Little Big Man is 111-year-old Jack Crabb’s account of his life from 1852, when he is ten and most of his family is killed by drunken Indians, to 1876, when he becomes the only white survivor of the Battle of the Little Bighorn. During these twenty-four years, Jack is adopted first by Old Lodge Skins, chief of a small band of Northern Cheyenne, and later by the Reverend Mr. Pendrake and his beautiful, unfaithful young wife. Leaving the Pendrakes, Jack alternates between white and Indian societies, never fitting in comfortably with either. He longs for middle-class comforts, but circumstances and his restless nature block his success.
Jack is constantly being victimized. His white wife and child are stolen by Indians and later killed by the cavalry, as are his Cheyenne wife and their newborn son. Except for Old Lodge Skins, all Jack’s Indian friends are killed—one, ironically, when he is unknowingly about to kill Jack. Jack is shot on four occasions, and only his roguish trickery saves him from being killed in a gunfight by Wild Bill Hickok. The novel builds to General George Armstrong Custer’s fiasco at the Little Bighorn and to the death of Old Lodge Skins, who chooses to die when he recognizes that the destruction of the Indian way of life is inevitable. Despite Berger’s presentation of the American West as violent, melodramatic, and absurd, Little Big Man has lighter moments stemming from a multitude of colorful characters and a plethora of coincidences recalling those in the novels of Dickens.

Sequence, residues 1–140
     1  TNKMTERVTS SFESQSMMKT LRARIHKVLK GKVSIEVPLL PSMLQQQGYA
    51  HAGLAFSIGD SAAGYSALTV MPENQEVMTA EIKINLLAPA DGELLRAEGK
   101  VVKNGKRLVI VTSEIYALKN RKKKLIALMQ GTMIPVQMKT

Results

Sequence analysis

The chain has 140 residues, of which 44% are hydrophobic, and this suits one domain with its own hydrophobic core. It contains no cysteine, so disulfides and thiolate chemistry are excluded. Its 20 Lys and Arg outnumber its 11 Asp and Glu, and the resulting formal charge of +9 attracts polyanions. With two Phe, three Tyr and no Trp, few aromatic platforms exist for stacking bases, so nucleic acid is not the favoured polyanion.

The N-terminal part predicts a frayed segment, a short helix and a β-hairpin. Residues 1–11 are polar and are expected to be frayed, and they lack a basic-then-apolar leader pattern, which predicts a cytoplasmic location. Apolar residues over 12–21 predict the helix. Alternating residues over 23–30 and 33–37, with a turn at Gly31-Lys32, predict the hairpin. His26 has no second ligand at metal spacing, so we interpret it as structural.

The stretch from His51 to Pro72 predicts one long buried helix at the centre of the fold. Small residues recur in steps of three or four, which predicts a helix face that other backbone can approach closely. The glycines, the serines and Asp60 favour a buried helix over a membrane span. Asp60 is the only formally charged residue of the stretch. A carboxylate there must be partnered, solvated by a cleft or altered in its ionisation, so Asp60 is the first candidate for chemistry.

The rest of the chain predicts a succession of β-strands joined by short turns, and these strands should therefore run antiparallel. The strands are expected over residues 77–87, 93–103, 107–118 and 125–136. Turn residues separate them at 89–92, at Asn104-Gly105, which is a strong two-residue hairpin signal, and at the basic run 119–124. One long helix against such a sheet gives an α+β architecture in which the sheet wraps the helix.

Always concerned with the differences between reality and the various ways it is perceived, Berger...
(The entire section is 673 words.)